This month, Jeremy Drinkwine of SJE Rhombus, a SWPA (Submersible Wastewater Pumping Association) member, spoke with Pumps & Systems about on-the-job safety. If you have questions for SWPA, please send them to email@example.com.
What do end users need to watch for in general?
American National Standards Institute (ANSI) provides four types of symbols that warn about possible dangers. They are described in ANSI Z535, and concern hazard alerting, information, mandatory action and prohibited actions.
What types of training should end users receive?
There are several different types of training that should be made available to end users. In addition to regular safety messages and daily safety messages, users need in-depth training to maintain safe worksites. Safety is the responsibility of everyone involved—the end user, installer and manufacturer.
What do people need to know about personal protection equipment (PPE)?
Working in confined spaces, like in wastewater, can present specific dangers. Risk is divided into categories. In Risk Category 0, a one layer minimum is required and should include a long-sleeved shirt, pants, eye protection and leather gloves. In Hazard Risk Category 1, you should wear all of that plus fire resistant pants, fire resistant coveralls, head protection and leather protectors. For Category 2, add a T-shirt, cotton underwear, hearing protection and a face shield. Category 3 adds a flash hood, and Category 4 also requires a multilayer flash suit.
What is the main difference between amps and voltage?
Amps can kill you, voltage can hurt.
What safety info is provided in a standard owner’s manual?
These include an introduction to the product (with descriptions and/or drawings), specifications, safety guidelines, installation instructions, any applicable warnings or cautions, maintenance and servicing information, troubleshooting instructions and more.
For safety purposes, what should someone consider when selecting a submersible pump?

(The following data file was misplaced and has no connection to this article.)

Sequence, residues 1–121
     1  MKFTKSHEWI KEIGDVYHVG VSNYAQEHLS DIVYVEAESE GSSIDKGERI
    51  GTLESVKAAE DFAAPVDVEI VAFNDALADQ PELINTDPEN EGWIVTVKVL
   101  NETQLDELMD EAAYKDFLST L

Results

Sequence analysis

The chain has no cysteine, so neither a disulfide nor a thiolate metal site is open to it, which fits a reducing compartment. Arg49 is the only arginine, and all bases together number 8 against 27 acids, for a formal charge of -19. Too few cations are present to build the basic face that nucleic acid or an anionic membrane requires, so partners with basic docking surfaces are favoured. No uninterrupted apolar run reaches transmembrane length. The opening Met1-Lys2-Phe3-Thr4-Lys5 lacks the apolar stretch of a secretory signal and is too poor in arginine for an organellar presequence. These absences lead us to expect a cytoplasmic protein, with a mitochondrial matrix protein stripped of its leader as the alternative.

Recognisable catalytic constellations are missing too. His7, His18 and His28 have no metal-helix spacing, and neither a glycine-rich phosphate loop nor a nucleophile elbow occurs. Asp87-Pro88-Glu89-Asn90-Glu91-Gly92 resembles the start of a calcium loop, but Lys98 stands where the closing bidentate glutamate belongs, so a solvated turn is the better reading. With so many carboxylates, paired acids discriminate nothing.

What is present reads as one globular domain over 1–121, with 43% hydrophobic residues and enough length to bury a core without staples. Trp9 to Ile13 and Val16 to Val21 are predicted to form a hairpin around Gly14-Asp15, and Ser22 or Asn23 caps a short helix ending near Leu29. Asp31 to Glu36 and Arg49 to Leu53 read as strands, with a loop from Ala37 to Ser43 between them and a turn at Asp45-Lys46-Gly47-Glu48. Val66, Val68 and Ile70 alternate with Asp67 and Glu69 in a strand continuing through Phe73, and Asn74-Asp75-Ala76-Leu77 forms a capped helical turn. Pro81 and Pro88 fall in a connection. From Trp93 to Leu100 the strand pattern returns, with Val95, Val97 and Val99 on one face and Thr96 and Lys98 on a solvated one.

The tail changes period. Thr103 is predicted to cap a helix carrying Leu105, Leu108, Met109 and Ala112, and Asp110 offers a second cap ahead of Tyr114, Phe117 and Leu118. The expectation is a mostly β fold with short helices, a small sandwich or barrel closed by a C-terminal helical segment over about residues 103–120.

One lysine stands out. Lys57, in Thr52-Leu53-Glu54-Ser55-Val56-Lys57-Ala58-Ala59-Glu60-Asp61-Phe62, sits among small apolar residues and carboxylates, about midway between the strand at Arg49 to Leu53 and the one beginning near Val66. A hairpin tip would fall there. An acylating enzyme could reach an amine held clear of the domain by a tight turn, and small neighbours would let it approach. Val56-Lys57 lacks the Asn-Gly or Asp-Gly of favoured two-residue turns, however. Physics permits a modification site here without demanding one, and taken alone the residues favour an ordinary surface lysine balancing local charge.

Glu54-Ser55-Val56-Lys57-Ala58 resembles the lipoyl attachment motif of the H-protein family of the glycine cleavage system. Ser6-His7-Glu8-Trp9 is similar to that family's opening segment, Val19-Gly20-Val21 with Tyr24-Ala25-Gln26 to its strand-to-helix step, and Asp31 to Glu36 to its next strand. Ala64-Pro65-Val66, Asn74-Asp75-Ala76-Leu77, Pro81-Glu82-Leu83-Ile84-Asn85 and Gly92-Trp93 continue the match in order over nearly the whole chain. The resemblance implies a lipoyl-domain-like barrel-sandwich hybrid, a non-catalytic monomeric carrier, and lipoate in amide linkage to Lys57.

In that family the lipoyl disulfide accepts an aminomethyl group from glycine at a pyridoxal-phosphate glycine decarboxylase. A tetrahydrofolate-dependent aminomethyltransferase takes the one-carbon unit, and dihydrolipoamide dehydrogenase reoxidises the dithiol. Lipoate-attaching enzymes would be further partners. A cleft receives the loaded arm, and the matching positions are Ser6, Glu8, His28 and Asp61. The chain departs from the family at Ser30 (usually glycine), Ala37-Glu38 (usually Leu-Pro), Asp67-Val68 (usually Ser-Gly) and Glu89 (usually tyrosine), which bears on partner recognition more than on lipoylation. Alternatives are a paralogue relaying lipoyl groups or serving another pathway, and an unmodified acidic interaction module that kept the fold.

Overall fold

There are many considerations: the sealing system, motor enclosure, one or two mechanical seals, wiring harnesses, any integrated safety precautions, the safety agency listings (UL/CSA/FM/others), single-phase or three-phase motor, insulation classes and the thermal overload.
What are installation requirements?
First, the proper PPE equipment for everyone on site. And, you must follow the local, state and federal codes. For example, the National Electric Code (NEC) has standards for appropriately sizing breakers and wire gauging. Next, confirm that the voltage at the jobsite matches the pump nameplate, and that you have the proper listing equipment for the job.
What should you keep in mind during maintenance?
Users should wear the proper PPE, follow the designated lockout/tagout procedure, ensure they have the proper lifting equipment and consider the type of motor. If it is a single-phase motor, bleed the resistor on the start capacitor and determine if thermal overload is resettable. Is the run capacitor also a storage device for electricity? For a three-phase, keep in mind the overload in the panel.
How do you manage the control panel during operation and troubleshooting?
Again, you should consider whether the motor is single phase or three phase and wear the appropriate PPE. You need to know if the incoming power is a match for the motor. The power should be disconnected before any troubleshooting or maintenance.
How do you know if the power is disconnected?
Ask yourself these questions: Are there separate pump and control feeds? Is there a main disconnect? Is there branch circuit protection? Make sure the OEM disconnect steps are followed to disconnect the power.
What are common hazards of working in wet well basins?
There are several hazardous area classifications, from stormwater pumping to residential wastewater to wastewater pumping. Venting and the frequency of venting can impact the individual classification. Possible hazards include falls, unexpected movement and issues with crane operation. Ensure there are proper safety hatch grates and rails, and swing check valves to avoid these risks.
Submersible Solutions is produced by the Submersible Wastewater Pump Association to inform and educate in the design and operation of submersible wastewater pumping systems. For more information, visit www.pumpsandsystems.com/swpa.